Bloomberg Anywhere Remote Login Bloomberg Terminal Demo Request


Connecting decision makers to a dynamic network of information, people and ideas, Bloomberg quickly and accurately delivers business and financial information, news and insight around the world.


Financial Products

Enterprise Products


Customer Support

  • Americas

    +1 212 318 2000

  • Europe, Middle East, & Africa

    +44 20 7330 7500

  • Asia Pacific

    +65 6212 1000


Industry Products

Media Services

Follow Us

Bloomberg Customers

The Future of Blogs: Tagging

Posted by: Olga Kharif on February 08, 2005

Blogs are about to grow up. As newborns, blogs were simply diary-like entries on which readers could comment. Then, blogs added Rich Site Summary (RSS) feeds, notifying readers when a new entry was posted. Still, as Richi Jennings, of Ferris Reseach, writes in his blog, discussions on blogs can hardly be called conversations, like the ones we can have over e-mail or Instant Messenger (IM). “Comments are too prone to comment spam, most people find it hard to understand the concept of trackbacks, and the whole thing is just too difficult,” he says. Basically, today, blogs are more akin to cave men’s disjointed mumblings than the Gettysburg Address.

Blogs are about to evolve, however, thanks to an idea called tagging. Tagging is a software tweak that's already used on photo-sharing site, for example. Here's how it works: As the site's users post their photos for everyone on to see, they tag a photo taken in, say, Iraq, with a tagline, "Iraq." A blog search engine called uses these tags to retrieve search results. If you entered "Iraq" into its search dialog box, the engine would serve you up with news stories, blogs -- and photos tagged with "Iraq" (See this article on for other examples of tagging).

Such tags could completely change the way we blog and communicate, believes Glenn Reid, who, while at Apple, created iPhoto. In a recent blog entry, Reid gives a great example of the possibilities: All reader comments on all blogs could, potentially, be linked up based on their tags, so that, instead of following individual blogs, people would be able to follow conversations on specific topics (such as Iraq) conducted on hundreds of blogs.

Searching for data will become a piece of cake. Information will spread around the blogosphere a lot faster. And blogs will, in some cases, become a viable alternative to e-mail and IM, writes Jennings. After all, we use e-mail and IM for conversations on specific topics. Today, you might send an interesting article with a personal comment to your 40 best friends via e-mail. Tomorrow, you might comment on it on your blog, and your comment would reach 4 million people, including all your friends. Not bad, huh?

TrackBack URL for this entry:

Reader Comments


June 1, 2005 02:59 AM

Good overview of tagging and its related emerging technologies. I've done a lot of work in this area launching a tagging web-based feed reader (
If you want more information about this space, feel free to email me.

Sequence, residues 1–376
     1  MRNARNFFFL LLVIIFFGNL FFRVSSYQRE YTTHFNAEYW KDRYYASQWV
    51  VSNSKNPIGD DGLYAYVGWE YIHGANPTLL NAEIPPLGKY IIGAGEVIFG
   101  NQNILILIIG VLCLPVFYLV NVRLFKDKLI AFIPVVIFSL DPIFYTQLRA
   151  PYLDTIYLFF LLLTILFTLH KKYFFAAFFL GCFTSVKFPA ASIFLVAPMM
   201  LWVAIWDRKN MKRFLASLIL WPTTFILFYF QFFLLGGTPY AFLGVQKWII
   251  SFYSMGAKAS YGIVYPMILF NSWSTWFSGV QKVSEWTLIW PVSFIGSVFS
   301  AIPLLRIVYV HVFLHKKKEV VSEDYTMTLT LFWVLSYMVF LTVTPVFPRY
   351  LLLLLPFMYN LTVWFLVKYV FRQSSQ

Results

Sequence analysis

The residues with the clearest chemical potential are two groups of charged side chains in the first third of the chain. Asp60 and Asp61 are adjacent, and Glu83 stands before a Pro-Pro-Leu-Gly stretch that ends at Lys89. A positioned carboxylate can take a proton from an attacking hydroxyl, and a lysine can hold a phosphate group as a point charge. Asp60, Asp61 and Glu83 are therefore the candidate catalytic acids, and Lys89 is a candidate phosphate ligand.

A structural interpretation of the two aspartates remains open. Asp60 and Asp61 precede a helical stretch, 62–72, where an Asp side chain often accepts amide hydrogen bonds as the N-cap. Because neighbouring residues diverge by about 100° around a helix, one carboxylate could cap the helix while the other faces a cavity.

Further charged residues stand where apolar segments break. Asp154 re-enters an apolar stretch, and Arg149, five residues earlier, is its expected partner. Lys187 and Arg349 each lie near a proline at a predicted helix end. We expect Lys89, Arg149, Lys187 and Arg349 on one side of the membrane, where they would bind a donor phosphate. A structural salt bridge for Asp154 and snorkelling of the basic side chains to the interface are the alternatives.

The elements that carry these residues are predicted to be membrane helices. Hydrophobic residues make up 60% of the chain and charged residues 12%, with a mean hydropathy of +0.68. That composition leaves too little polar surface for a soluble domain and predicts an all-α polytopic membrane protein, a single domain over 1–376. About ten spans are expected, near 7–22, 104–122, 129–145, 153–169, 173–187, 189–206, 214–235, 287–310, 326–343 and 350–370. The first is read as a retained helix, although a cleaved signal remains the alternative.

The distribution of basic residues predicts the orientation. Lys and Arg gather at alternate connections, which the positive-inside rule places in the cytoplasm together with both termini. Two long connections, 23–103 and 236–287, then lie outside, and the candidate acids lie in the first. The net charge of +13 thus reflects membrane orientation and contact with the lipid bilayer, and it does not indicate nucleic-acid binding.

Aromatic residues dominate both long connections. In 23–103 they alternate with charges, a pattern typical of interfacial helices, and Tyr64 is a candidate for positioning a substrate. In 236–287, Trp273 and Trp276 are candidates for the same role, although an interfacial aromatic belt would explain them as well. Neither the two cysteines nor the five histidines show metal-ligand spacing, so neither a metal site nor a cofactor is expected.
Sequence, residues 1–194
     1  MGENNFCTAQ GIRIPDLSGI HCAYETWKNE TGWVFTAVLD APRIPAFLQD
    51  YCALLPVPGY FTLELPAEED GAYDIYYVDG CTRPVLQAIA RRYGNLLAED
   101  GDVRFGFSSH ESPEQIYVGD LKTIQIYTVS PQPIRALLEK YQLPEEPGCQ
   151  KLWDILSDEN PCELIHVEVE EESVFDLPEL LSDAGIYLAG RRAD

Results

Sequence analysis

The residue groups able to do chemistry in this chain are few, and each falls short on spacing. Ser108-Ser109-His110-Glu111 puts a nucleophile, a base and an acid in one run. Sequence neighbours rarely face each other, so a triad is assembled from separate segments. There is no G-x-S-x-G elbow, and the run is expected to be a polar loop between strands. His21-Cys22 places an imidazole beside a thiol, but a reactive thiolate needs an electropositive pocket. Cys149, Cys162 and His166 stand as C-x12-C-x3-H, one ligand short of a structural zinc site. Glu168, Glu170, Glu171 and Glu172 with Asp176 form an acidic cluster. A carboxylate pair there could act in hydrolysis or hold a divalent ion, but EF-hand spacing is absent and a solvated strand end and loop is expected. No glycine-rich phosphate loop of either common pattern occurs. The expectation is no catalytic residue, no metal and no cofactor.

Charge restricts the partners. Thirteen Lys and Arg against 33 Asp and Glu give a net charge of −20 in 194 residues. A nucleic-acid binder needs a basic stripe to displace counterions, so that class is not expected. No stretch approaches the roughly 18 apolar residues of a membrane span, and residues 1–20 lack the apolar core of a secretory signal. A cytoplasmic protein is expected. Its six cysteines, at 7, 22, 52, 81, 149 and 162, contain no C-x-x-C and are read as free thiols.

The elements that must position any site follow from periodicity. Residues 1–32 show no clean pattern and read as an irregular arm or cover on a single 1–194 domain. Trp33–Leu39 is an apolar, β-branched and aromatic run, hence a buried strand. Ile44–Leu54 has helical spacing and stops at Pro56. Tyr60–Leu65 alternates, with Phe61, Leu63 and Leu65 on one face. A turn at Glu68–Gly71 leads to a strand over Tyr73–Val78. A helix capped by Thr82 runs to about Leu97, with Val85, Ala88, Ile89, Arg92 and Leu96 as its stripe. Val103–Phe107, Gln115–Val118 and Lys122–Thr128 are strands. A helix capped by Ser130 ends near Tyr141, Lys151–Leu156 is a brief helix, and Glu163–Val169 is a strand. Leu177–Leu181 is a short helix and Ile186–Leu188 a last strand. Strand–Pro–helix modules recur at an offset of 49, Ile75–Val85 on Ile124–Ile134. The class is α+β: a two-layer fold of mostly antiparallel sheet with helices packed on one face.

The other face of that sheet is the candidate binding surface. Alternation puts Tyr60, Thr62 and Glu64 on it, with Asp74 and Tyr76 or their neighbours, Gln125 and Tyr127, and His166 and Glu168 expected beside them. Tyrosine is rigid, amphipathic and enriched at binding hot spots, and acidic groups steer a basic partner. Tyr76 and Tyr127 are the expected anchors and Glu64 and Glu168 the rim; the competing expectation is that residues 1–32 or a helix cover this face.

January 23, 2006 11:03 PM

Email, forums, IM, now blogging. Yes it is evolving. I wonder what is next. This is the first I had heard of tagging and it is was a nice read. Thanks Chris for the link also.

Helen, software developer

April 3, 2006 04:27 PM

One thing that irritates me the most. I keep getting notifications of updates from some blogs I commented on once.


August 19, 2006 12:28 AM

Tagging is a very interesting idea but I strongly believe that it needs some sort of standardizing.

e.g. Someone might tag an article KFC while someone else might tag it Kentucky Fried Chicken and a third person K.F.C. There should be a way of realizing that all three tags are in fact a name for the same thing or topic.

We might also come across other tag problems as they become more common so some sort of regulation or standardization can help keep the blogosphere clean and organized :)


January 19, 2007 04:18 AM

I may be naive but isn't tagging just a very crude form of classification that we had at the dawn of internet search engines. Is it not possible to use google to find anything that people write based on the actual words they write, thesauri and dozens of other million-manhour-developed smarts. I can see the point of tagging pictures because google doesn't yet have shape/picture recognition capability but providing words to classify words makes no sense to me.


August 29, 2007 07:11 AM

I myself also struggle with this tagging concept. It actually seems much more invalid compared to the system of search engines which use multiple factors to determine if the content is what you are looking for where as tagging is very much hit or miss.

Dave Phillips

February 5, 2008 11:20 AM

Tags are a far more accurate way to organise your blogs and help people find your article - assuming you do it well. I agree with Jeff that standardised tagging is very important, otherwise tags can become confusing and detract from the structure that good tags provide.

Google and the other search engines with use tags to aid accuracy, but their "free-text" technology will never be as good as a properly tagged system.

Tags are there to supplement Google, not be replaced by it.

Post a comment



BusinessWeek writers Peter Burrows, Cliff Edwards, Olga Kharif, Aaron Ricadela, Douglas MacMillan, and Spencer Ante dig behind the headlines to analyze what’s really happening throughout the world of technology. One of the first mainstream media tech blogs, Tech Beat covers everything from tech bellwethers like Apple, Google, and Intel and emerging new leaders such as Facebook to new technologies, trends, and controversies.



BW Mall - Sponsored Links

Buy a link now!